Letter on Kosovo’s independence.

[The following was written just before I started this blog, in an email to a friend who asked what I thought about Kosovo’s declaration of independence. It was originally just supposed to be an email to a friend, so forgive the prose if it’s a bit loose and ramblous.]

I have a lot of thoughts about it. Unlike the situation in Bosnia, which in some senses can actually be summed up and where I feel like I can take a clear stand (politically, of course, not ethnically), I have a lot of contradictory feelings about Kosovo. In Bosnia, Croatia, and Serbia, I think the majority of the populations, at least the urban parts, were always anti-nationalist, and even if they may have disagreed about how to resolve the status of crumbling Yugo, they (the majority of the populations) all wanted to live together and certainly never wanted war. As I guess you know, I’ve spent most of the last decade ranting against the “ancient ethnic hatreds” framings of those wars, and am even coming to dismiss that ethnic tensions were even an actual cause. I’m fixing to focus the rewrite of my book on the theme that those wars can just as easily be seen as wars of governments against their own populations, to force them to overlook the phenomenal corruption and profiteering of ‘post-communist transition,’ through the decoy of the threat of the Other.

Kosovo is different. That’s why I hardly wrote about it in the 1st ed of my book – i couldn’t deal, and it seemed to sketchy to hang out there too long! I think there’s something to the ‘ancient ethnic hatreds’, or at least ‘tensions,’ theory, as a primary cause of that conflict. Kos Albanians were the first to raise the ethno-nationalist card in post-wwii yugo, in 1968, when protests in Belgrade more resembled the concurrent ones in Paris, or Berkeley, or Prague. I never met a single Albanian or Serb in Kosovo who did not strongly identify as nationalist.  Of course, Albanians and Serbs did live peacefully for much of the last millineum, but not really intimately, and not since nation-states replaced the Ottoman Empire. While every other part of Yugoslavia enthusiastically entered into the union in 1917, Kosovo (which even at the time had a large Albanian majority) was given to Serbia as a prize for its role in WWI. It took years of violence to put down the Albanian revolts. After WWII, many Kosovar Albanians expected unification with Albania (perhaps within a larger Yugoslavia), and were disappointed when they weren’t able to. So I think the majority of Albanians in Kosovo have generally thought of Yugoslavia as a colonial occupation (although I’m sure many were glad not to be living in Albania for a few decades there!)

A few weeks ago, I was really worried that independence could lead to a big war, especially given how Russia has been looking to reassert itself lately, imagining a Korea-type situation where super-powers duke it out through a totally wrecked a 3rd-party (if that’s what happened in Korea.) Especially when Bulgaria and Serbia signed over their oil to Russia a couple weeks ago. I think Russia wouldn’t mind the chance to defy the weakening U.S. empire, I don’t think the U.S. could back off the committments Bush has made to back the Albanians, and I think the mafia in power in Kosovo (which I don’t think represent the quiet majority of Albanians there) would be happy for the excuse to clear off some real estate (as they did, with complete impunity, in March 2004, driving out 3000 non-Albanians under the eyes of helplessly confused international forces). Ironically, I now think the one factor missing for war is a Serb willingness. The whole Milosevic path-to-glory ended them up in a totally pathetic state, and people are tired of it. No Serb politician could get away with saying it in public, but most of Serbia accepted the loss of Kosovo years ago. Last year in the center of Belgrade, I saw graffiti that said, ‘I love Kosovo – but I guess the Albanians do too.’ Somebody scratched out the second part but I think everybody still secretly nods when they walk by it.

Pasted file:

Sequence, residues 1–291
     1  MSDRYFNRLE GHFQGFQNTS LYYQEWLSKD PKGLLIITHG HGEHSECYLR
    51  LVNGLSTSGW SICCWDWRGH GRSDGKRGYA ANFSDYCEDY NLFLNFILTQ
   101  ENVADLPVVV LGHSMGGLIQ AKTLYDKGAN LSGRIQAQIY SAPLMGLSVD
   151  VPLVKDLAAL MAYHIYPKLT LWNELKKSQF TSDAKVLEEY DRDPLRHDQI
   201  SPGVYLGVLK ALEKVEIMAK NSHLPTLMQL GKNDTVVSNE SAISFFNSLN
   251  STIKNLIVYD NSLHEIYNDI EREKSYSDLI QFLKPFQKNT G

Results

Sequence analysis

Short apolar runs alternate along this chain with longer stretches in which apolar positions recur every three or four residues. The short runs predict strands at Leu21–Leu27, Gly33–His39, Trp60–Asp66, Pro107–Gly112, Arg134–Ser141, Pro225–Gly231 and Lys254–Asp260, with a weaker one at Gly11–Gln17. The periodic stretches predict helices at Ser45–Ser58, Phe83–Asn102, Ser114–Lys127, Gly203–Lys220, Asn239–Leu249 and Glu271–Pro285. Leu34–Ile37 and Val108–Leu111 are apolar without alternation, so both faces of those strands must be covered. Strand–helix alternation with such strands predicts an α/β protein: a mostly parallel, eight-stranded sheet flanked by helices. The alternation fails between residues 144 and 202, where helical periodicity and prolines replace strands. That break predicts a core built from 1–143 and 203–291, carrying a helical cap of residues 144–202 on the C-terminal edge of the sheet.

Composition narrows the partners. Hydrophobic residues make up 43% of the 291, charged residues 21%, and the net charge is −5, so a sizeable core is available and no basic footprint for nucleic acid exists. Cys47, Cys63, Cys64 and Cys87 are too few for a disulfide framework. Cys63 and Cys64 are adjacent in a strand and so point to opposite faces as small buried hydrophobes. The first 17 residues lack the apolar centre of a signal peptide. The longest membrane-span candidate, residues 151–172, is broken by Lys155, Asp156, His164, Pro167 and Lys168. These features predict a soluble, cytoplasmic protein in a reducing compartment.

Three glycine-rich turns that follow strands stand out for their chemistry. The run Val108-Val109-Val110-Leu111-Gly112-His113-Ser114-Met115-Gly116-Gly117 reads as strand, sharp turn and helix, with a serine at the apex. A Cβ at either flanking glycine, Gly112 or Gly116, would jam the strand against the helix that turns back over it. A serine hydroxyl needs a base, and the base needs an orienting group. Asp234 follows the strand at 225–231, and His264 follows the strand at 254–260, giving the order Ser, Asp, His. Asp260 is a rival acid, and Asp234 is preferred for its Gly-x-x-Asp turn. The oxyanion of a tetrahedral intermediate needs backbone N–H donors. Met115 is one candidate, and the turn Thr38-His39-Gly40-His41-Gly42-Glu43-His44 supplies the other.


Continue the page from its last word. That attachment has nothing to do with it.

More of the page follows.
I think it’s going to be a pretty bleak place, probably considerably worse over time. At best, I’m hoping the minorities won’t be driven out, and can find a safe margin to dwell in, and that Kosovo gets softly incorporated into some larger regional structure (like the EU, or a Balkan Anarchist Federation!) before things get too bad again. It was always a really poor place that subsisted off subsidies from richer republics, and it’s scary to think of it trying to fend for itself in the global economy. Everybody quoted in the media has the same logic – “All we need is independence, since being part of Serbia blocks foreign direct investment and privatization, which will bring us prosperity.” Prosperous like the New Russia, or Liberated Iraq, without the resources. Also, a really sad hope that I keep reading is “Once we have our own passport we’ll have great freedom of movement.” Neighboring Macedonia is a recognized country with a far better reputation, but that doesn’t mean that you can get anywhere with a Macedonian passport (like, say, into Italy, or Slovenia, or I think even Romania.) And I read one analysis that said more countries recognized their UN-protectorate passports than are likely to recognize Kosovo – so from the start, their freedom of movement might be even more limited.